"There were other women in the studio; I’m allowed to be here. I never get treated any differently to my co-workers, and there is a weight that is lifted off when you don’t have to worry about the impact of your gender on opportunities within your workplace."

Two years ago, for IWD 2022, we published a blog post featuring words from each of the women here at Balancing Monkey Games. We’ve since hired two more women - Nina, our QA Analyst, and myself - so we thought we’d update things this year! Read on to hear our thoughts and feelings about the industry, and how video games have impacted our lives.

Nina (QA Analyst)

My first game related memory actually isn’t of playing a game - it's of eating an ice block. As a child, there was an ice block company that ran a competition to win a Gameboy Colour and Pokemon Silver - the latest Pokemon game. Pokemon had been an obsession of mine since I first saw it on TV, and boy did I want to catch my own. We entered, and I won. The prize arrived one morning before school. I don’t remember how that day went, but I remember racing to find new batteries, asking my mum to play for me while I had to do chores, and sneaking my Gameboy into primary school. 

But one thing was missing from that game for me, and it wasn’t something I realised until I got Pokemon Crystal one year. Being able to play as a girl, it almost blew my mind. Sure, I could play as a girl in the Barbie games I played, but this was different. The character on the screen felt like me, a collection of pixels that represented me. Being different to the boys I played Pokemon with in the schoolyard, I always felt like an outsider. But within the games I played, I could fit right in. 

A few years ago I bought the game Miitopia for the Switch. This was another time I felt strongly represented - I could create a character with a lazy eye! Being able to dress my character as I wish I could myself, the character becomes an extension of my being. There is something about being able to make characters that feel like me that makes me think “I am allowed to be here”. 

Being neurodivergent, I always struggled fitting in, but I had much the same feelings of inclusion when joining the Balancing Monkey Games team. There were other women in the studio; I’m allowed to be here. I never get treated any differently to my co-workers, and there is a weight that is lifted off when you don’t have to worry about the impact of your gender on opportunities within your workplace. 

My hopes for the future is to see more diversity within the games we play. Gender, physical attributes, clothing. We all deserve a way to express ourselves and feel included. We are all allowed to be here.

Lia (Community Manager)

My (sometimes intense) relationship with video games started when I was very young, where I would find myself playing on my cousin’s PlayStation until my fingertips were red and raw.  Alarmed at how thoroughly sucked in I was, my parents forbade me from owning my own console until many years later - which particularly frustrated me as none of my girl friends in the 90s had access to video games themselves (and my options for mooching were therefore limited). I often had to content myself with forcing my younger sister into playing the very basic pen-and-paper games I’d make for us to play. It was a weird time for women in games, occupying an awkward space where we’d felt like outliers or hangers-on to a culture and industry that wasn’t truly “ours”.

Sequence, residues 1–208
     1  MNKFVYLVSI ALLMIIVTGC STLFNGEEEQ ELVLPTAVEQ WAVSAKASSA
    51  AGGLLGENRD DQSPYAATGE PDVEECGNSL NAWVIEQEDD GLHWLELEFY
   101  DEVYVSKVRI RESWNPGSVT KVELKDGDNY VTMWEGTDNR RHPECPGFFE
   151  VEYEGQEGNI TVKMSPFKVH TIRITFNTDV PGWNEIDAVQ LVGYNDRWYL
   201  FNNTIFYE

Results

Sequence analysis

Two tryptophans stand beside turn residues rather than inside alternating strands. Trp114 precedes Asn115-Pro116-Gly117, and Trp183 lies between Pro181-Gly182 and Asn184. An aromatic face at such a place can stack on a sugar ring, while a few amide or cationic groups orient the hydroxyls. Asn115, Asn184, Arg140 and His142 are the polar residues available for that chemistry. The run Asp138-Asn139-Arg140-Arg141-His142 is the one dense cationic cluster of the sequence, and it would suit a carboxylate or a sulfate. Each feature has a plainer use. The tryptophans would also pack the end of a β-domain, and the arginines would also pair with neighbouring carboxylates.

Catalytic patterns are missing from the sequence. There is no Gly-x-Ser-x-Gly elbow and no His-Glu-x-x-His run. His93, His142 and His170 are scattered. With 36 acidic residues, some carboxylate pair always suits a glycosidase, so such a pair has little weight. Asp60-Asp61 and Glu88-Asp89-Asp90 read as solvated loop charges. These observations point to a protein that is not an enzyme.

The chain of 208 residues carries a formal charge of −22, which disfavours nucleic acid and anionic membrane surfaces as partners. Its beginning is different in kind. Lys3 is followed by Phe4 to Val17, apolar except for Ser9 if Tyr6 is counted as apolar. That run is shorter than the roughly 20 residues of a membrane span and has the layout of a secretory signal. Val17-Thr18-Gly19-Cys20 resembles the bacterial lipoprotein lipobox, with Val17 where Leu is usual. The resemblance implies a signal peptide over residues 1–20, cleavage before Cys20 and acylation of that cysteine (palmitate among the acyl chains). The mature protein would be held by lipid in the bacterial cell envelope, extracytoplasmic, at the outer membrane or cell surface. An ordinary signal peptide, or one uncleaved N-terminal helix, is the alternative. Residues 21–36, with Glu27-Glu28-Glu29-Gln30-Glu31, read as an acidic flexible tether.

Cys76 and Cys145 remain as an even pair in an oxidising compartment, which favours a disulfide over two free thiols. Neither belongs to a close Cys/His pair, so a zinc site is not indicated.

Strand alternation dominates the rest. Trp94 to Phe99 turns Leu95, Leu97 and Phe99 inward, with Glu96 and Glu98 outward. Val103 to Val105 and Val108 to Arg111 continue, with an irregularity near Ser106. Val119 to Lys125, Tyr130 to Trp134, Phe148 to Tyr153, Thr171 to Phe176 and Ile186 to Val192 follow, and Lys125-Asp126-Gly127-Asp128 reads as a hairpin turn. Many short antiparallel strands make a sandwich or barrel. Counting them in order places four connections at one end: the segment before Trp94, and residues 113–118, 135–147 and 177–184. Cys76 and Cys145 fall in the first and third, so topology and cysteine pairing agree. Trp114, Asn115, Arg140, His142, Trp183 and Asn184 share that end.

This feeling of being an “outsider” meant the thought of actually working in the industry was something I’d never considered possible - a feeling that I know many of my peers share. It’s a little funny, then, that working in games has made me feel like I can be more “myself” at work than in any other job. This is particularly true about how I feel at Balancing Monkey Games, where six out of our nine employees are women (!)

A lot has been said about how representation has had a huge impact on carving out a place for women in video games. But more than just these psychological barriers for women, the material hurdles are also very real. There’s an overlap here between gendered wage gaps and financial independence, plus the burden of unpaid care & household labour, and how this all translates to less opportunities for education and the pursuit of time-intensive hobbies. I’m quite proud of BMG for acknowledging this by offering things like a four-day work week and menstrual leave, benefits which we’d (probably) be less likely to have without a woman (and mother) as Managing Director.

The advent of open source and free software has also helped immensely with inclusivity & diversity within game development, for anyone experiencing material disadvantages. There is still an utterly massive gap in the industry between OECD countries and the rest of the world, but as technology becomes more accessible, this is slowly improving. And of course, across most lower socioeconomic strata, it’s women who tend to be hit the hardest. 

Finally, I’d like to list just a few women who are actively working to make the industry more accessible, through freely available resources and the communities that have been built around them. If you’re a woman looking to enter a career in games, I can’t recommend them enough.

  • Victoria Tran - a guiding light for many of us in community management
  • Freya Holmer - an excellent communicator of more “technical” concepts in game development
  • Yasmin Curren - offers a lot of resources on a broad range of topics

We’ve come a long way since the 90s (and the years Before My Time), and it’s almost dizzying to see how much things have changed. 

Thank you for reading! If you’d like to support us, we encourage you to wishlist Beyond These Stars, our upcoming game, or check out Before We Leave. And of course, come hang out with us on our Discord!

Happy International Women’s Day!